• Posts Tagged ‘ness’

    Dòmhnall Càm in South Dell

    by  • 18 May 2010 • People, Tales & Traditions • 1 Comment

    Another grisly story about our Uig hero, Dòmhnall Càm, who has a much less heroic reputation in other parts of the island. This is from Capt FWL Thomas’s Traditions of the Macaulays (1880) and he notes that “this tale is certainly mythical”. We ought in our own day to be very thankful to that Divine [...]

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    Donald Òg Macaulay of Brenish, Part I

    by  • 19 January 2009 • Gàidhlig, History, Land Issues, Military & Police, Tales & Traditions • 0 Comments

    Donald Òg was the younger of two sons called Donald, born to Dugald Macaulay, tacksman of Brenish, in the late 17th century; he was the great-grandson of Domhnall Càm. Rev William Matheson’s columns on the Macaulays, published in the Gazette in the 1950s, include several stories about Donald Òg drawn from the Morrison manuscripts.  He [...]

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    Offerings to Shoni

    by  • 7 September 2008 • Church, Tales & Traditions, Weather • 0 Comments

    Dolly Doctor wrote in Tales and Traditions of the practice of performing the t-ainmean in the upper end of Uig – evidently the last man to carry it out was a Mackinnon, grandfather of Dolly Doctor’s informant, so perhaps towards the end of the 18th century. This offering was made to a god of the [...]

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    After Uig: Letter from Rev Macleod to Lady Hood, 1844

    by  • 14 August 2008 • Church, History • 0 Comments

    A letter from the Rev Alexander Macleod (formerly Established Church minister in Uig, who had taken his congregation to the Free Church in 1843 and left Uig shortly thereafter for Lochalsh) to Lady Hood, his previous patron.  See also a letter from 1824. Lochalsh 19th March 1844 My very dear and much respected friend, I had [...]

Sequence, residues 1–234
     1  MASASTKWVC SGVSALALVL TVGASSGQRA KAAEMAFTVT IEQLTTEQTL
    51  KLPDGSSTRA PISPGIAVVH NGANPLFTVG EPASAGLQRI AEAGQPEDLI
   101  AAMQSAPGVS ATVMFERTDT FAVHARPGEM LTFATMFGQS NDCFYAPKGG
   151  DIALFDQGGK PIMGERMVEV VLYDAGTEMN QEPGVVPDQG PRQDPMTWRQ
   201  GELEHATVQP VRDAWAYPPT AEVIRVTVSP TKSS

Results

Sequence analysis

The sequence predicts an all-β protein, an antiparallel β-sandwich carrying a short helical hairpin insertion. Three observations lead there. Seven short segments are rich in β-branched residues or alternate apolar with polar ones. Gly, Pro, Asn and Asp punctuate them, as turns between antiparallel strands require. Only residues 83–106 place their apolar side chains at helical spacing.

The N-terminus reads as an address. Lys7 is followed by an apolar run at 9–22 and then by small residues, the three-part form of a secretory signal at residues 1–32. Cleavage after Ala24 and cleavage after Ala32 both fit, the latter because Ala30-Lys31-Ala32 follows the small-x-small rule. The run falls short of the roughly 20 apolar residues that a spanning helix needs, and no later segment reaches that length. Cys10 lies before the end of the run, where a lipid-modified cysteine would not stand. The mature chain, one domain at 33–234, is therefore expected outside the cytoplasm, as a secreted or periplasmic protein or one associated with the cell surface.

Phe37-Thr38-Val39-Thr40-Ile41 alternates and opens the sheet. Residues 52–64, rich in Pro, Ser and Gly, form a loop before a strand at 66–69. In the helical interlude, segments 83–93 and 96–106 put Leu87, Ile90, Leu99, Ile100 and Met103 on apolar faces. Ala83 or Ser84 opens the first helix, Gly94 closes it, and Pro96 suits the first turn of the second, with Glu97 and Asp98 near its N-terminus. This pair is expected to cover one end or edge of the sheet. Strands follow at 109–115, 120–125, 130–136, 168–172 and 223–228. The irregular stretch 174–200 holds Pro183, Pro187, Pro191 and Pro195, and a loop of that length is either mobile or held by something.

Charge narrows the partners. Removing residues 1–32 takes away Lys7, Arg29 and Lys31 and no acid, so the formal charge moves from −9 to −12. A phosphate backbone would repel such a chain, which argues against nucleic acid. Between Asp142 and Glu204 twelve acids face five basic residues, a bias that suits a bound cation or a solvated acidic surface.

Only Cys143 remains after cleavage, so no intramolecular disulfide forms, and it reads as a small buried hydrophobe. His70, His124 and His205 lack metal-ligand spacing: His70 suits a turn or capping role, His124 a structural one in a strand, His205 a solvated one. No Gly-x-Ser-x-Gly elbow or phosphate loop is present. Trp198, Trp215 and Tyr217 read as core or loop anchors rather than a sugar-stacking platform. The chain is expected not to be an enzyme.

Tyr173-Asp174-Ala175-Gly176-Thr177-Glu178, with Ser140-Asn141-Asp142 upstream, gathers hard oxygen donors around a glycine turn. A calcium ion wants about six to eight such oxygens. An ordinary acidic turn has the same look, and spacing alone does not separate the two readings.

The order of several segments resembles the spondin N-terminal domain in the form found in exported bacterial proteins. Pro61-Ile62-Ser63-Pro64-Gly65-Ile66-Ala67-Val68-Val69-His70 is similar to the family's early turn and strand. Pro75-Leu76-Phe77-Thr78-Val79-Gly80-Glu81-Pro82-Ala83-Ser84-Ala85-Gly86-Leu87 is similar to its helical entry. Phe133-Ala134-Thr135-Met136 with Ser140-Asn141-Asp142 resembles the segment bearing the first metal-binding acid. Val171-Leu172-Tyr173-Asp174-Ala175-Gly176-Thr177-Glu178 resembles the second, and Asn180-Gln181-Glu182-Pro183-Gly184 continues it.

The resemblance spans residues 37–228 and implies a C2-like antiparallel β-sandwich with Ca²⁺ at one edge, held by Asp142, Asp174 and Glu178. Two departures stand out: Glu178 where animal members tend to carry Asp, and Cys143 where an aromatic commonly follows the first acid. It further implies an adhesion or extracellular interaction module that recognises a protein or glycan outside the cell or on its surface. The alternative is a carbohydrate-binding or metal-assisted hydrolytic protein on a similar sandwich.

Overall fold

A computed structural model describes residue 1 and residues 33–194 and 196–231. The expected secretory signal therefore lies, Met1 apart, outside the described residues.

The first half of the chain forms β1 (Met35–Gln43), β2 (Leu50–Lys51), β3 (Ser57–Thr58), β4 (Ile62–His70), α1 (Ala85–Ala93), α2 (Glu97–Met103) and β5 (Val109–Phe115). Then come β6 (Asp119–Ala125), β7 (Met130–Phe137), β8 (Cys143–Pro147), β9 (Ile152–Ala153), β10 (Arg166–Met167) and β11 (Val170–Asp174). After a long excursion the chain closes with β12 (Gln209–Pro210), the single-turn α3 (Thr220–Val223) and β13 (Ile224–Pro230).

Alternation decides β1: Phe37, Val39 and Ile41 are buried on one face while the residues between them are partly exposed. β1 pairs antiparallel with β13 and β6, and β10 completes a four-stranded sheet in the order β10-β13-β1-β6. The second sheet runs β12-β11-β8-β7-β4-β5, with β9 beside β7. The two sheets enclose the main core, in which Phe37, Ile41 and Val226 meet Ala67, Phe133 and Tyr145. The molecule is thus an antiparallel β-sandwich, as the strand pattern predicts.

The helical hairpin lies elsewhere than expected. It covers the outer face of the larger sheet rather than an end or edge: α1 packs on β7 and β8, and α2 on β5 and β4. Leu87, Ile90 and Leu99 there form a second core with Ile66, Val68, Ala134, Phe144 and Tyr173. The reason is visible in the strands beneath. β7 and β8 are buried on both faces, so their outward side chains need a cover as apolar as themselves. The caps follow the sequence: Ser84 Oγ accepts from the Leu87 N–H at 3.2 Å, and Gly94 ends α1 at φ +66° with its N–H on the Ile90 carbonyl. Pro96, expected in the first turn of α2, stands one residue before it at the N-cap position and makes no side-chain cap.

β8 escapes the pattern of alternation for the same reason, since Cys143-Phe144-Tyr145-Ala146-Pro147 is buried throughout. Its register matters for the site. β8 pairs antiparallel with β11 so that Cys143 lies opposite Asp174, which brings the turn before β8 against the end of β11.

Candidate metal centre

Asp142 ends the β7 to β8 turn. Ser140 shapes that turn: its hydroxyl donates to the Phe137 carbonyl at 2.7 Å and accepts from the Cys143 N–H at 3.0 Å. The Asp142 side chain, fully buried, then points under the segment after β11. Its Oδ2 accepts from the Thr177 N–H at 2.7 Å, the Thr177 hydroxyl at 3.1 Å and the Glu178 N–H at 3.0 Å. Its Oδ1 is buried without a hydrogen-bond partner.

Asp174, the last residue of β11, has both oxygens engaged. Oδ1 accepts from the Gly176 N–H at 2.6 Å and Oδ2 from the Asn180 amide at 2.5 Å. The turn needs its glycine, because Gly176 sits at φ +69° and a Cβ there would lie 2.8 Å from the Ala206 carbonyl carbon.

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    Rev David Watson

    by  • 3 August 2008 • Church, History, People • 0 Comments

    After Rev Alexander Macleod and the entire congregation left the established Church in 1843 for the Free Church, the manse at Baile na Cille was vacant for nearly two years. In 1845, David Watson, a native of Croy, educated in Aberdeen, was received as a probationer and required to preach in Uig on 16 February 1845, [...]

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    The Marquis of Stafford Sails

    by  • 29 July 2008 • Emigration, History • 0 Comments

    A further entry from the 1851 Diary of John Munro Mackenzie, enumerating his difficulties in getting the emigrants away.  They sailed first for Troon, and thence for Quebec.  It seems the Marquis of Stafford that took them to Canada was a steamer, unless the reference here refers to another boat that transfered them to Troon first [...]

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    Reluctance over Summer Time

    by  • 23 July 2008 • Church, History • 0 Comments

    Further to the clipping from 1917 about Uig adopting summer time a year after it was officially introduced, it seems that throughout Lewis there were further difficulties with the concept. The following is from Eilean an Fhraoich of 1965, in an article looking back to 1925. Summer time had been introduced during the war but [...]

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